Omega Pharma-Quick Step Repeats as World TTT Champion
Before the teams that would contend for the title started, the Continental and Pro Continental teams rode their races. The Rabobank Development Team was the best of these. The Dutch squad posted a 1:08:45, which put them in the lead until the big boys began to cross the finish line.
Vacansoleil-DCM was the first World Tour team to finish, and it bettered Rabobank’s time by 0:50. Lotto-Belisol outdid Vacansoleil-DCM by 0:37, only to see Cannondale outdo the Belgian outfit. Astana edged the Italian team, and RadioShack-Leopard pipped the Kazakh team by about three and a half seconds.
BMC and Garmin-Sharp were supposed to challenge for medals but they were never close. At the end, the race came down to Omega Pharma-Quick Step, GreenEdge, and Sky. At the first time check, (7.3 km), the Belgian squad led, with GreenEdge at 0:12.2 and Sky at 0:12.4. At the second checkpoint (24.1 km), Omega Pharma-Quick Step led the Australian team by 0:14. Orica-GreenEdge poured on the coal, and at the third checkpoint (42.3 km), it had carved out a 1.45-second lead on Omega Pharma-Quick Step.
Sky powered home to take the lead from BMC. The time checks and GPS trackers had Omega Pharma-Quick Step and GreenEdge battling for the gold medal and running neck and neck. The Australian team snatched the lead from Sky with a 1:04:17. Omega Pharma-Quick Step was still on the road, however. All that the Australian team could do was watch.
Omega Pharma-Quick Step powered home to nip GreenEdge and take the gold. All that Luke Durbridge of the Australian team could do was shake his head. It was that close.
Matthew White, GreenEdge’s directeur sportif, was philosophical about the hair’s breadth loss. “I can’t complain about how things went today,” he said. “We can’t fault anyone. If we had gone nine-hundredths of a second faster, we would be world champions today.
“To be so close to winning a world title over an hour effort is a little disappointing Sometimes it’s easier to swallow when it’s a bigger margin. We know what it’s like to win by such a small margin, too. We just edged out Quick Step at the Tour. Today they turned the tables on us.
“We started a little bit slower than expected. We were 0:13 behind Quick Step at the first time check. The guys didn’t panic, and they gradually began to peg them back until it was very, very close at the end.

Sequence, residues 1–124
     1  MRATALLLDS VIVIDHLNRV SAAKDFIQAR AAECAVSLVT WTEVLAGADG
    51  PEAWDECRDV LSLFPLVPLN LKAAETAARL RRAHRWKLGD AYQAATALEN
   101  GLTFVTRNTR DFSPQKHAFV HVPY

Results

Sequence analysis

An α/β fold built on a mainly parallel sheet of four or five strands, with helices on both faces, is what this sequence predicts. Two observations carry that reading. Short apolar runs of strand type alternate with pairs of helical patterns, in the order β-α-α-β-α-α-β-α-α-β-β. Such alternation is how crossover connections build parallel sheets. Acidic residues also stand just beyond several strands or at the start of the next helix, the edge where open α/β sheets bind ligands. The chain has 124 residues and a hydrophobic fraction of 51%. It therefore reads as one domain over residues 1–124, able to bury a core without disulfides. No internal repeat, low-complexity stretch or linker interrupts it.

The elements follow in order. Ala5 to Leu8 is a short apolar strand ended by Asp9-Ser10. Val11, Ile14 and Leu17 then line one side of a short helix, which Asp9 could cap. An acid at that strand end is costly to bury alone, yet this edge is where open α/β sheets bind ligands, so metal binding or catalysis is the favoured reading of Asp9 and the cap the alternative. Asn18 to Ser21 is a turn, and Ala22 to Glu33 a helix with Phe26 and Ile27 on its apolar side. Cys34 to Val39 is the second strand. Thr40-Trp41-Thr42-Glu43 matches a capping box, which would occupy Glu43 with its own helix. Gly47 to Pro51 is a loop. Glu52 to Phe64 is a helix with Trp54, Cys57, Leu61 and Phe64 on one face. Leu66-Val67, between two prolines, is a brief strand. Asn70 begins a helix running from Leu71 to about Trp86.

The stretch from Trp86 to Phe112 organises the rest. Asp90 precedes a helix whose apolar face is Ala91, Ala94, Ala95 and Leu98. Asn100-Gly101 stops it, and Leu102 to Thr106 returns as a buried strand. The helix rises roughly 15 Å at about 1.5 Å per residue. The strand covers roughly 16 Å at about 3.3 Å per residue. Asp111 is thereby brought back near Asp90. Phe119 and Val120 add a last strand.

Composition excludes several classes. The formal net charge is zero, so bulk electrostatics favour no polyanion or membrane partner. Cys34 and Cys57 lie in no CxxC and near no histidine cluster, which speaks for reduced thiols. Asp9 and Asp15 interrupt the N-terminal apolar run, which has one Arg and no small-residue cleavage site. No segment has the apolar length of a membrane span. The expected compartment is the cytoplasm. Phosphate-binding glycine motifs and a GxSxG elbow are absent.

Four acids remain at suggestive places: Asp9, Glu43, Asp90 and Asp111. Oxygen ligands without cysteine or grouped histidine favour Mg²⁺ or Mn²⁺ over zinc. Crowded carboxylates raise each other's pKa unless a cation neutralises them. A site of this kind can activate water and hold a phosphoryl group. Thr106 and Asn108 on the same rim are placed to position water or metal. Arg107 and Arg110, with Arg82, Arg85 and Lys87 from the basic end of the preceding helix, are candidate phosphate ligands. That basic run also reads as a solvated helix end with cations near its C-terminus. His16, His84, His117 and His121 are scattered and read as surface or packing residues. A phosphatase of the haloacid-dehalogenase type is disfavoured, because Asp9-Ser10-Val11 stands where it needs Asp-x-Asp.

“Omega Pharma-Quick-Step was the team to beat today. We knew our strength was depth in numbers. We came here to win, and we followed the plan we developed to achieve that goal. The boys stuck to the plan. They left their egos at home and did what they needed to do. I can’t ask for anything more than that.”
World time trial champion Tony Martin led Omega Pharma-Quick Step. His description of his team’s race was clinical. "It was really one hour a block," he said, "especially in the final 10 kilometers. We took a few risks, sped it up because we knew we were a few seconds behind. We took the risk that we could either blow up or gain some time and we held the speed until the finish. We also took some risks in the corners. We were a second down in the last intermediate and we knew one corner can be the difference. So we just took the risk. We knew the corners perfectly. We made good preparation going into today, so we can also say it's really a win for the whole team."
"The sport directors who prepared us for the race today are included in this, especially in the last kilometers. The last intermediate time gap killed our morale a little bit, seeing the first gaps and then being down on GreenEdge going into the final kilometers. But we had sport directors in the car who built up our motivation again. Then we just gave everything, full risks in the last 10 kilometers. At the end, it was enough. I think we won it with the big morale in the final. I think it is the same for the other riders on the team. In the last few hundred meters, Tom Steels said, ‘Go go go, take everything, you can be world champion,’ and I think that gave us the last percentage of motivation to put all our power into the pedals. Sometimes one sentence can make the difference."
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